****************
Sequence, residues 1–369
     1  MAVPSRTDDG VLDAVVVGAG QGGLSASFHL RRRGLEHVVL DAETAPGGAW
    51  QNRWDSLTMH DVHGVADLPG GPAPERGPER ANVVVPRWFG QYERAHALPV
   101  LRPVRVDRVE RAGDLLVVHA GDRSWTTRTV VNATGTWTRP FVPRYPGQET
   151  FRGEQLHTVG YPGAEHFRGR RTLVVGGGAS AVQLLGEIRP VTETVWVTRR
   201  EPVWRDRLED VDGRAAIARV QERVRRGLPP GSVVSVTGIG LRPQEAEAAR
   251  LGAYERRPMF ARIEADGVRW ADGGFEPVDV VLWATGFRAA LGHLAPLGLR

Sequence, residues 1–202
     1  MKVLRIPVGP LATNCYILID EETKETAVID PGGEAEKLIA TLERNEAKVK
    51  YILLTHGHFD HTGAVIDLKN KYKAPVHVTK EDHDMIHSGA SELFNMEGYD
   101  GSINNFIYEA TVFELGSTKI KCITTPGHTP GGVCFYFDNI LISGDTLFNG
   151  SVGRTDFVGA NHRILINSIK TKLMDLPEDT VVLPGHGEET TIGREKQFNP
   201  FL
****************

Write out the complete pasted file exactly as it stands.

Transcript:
Sequence, residues 1–369
     1  MAVPSRTDDG VLDAVVVGAG QGGLSASFHL RRRGLEHVVL DAETAPGGAW
    51  QNRWDSLTMH DVHGVADLPG GPAPERGPER ANVVVPRWFG QYERAHALPV
   101  LRPVRVDRVE RAGDLLVVHA GDRSWTTRTV VNATGTWTRP FVPRYPGQET
   151  FRGEQLHTVG YPGAEHFRGR RTLVVGGGAS AVQLLGEIRP VTETVWVTRR
   201  EPVWRDRLED VDGRAAIARV QERVRRGLPP GSVVSVTGIG LRPQEAEAAR
   251  LGAYERRPMF ARIEADGVRW ADGGFEPVDV VLWATGFRAA LGHLAPLGLR

Sequence, residues 1–202
     1  MKVLRIPVGP LATNCYILID EETKETAVID PGGEAEKLIA TLERNEAKVK
    51  YILLTHGHFD HTGAVIDLKN KYKAPVHVTK EDHDMIHSGA SELFNMEGYD
   101  GSINNFIYEA TVFELGSTKI KCITTPGHTP GGVCFYFDNI LISGDTLFNG
   151  SVGRTDFVGA NHRILINSIK TKLMDLPEDT VVLPGHGEET TIGREKQFNP
   201  FL